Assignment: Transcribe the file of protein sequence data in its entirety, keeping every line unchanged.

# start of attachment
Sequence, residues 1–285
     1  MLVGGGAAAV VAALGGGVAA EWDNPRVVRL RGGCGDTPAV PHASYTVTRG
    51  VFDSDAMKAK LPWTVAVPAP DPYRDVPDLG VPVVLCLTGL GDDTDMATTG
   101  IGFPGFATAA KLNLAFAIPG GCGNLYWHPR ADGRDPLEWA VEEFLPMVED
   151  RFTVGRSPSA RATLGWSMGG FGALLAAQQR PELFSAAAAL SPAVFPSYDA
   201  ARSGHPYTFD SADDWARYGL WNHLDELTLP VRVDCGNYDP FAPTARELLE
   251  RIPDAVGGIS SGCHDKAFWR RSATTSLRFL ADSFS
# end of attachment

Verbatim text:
Sequence, residues 1–285
     1  MLVGGGAAAV VAALGGGVAA EWDNPRVVRL RGGCGDTPAV PHASYTVTRG
    51  VFDSDAMKAK LPWTVAVPAP DPYRDVPDLG VPVVLCLTGL GDDTDMATTG
   101  IGFPGFATAA KLNLAFAIPG GCGNLYWHPR ADGRDPLEWA VEEFLPMVED
   151  RFTVGRSPSA RATLGWSMGG FGALLAAQQR PELFSAAAAL SPAVFPSYDA
   201  ARSGHPYTFD SADDWARYGL WNHLDELTLP VRVDCGNYDP FAPTARELLE
   251  RIPDAVGGIS SGCHDKAFWR RSATTSLRFL ADSFS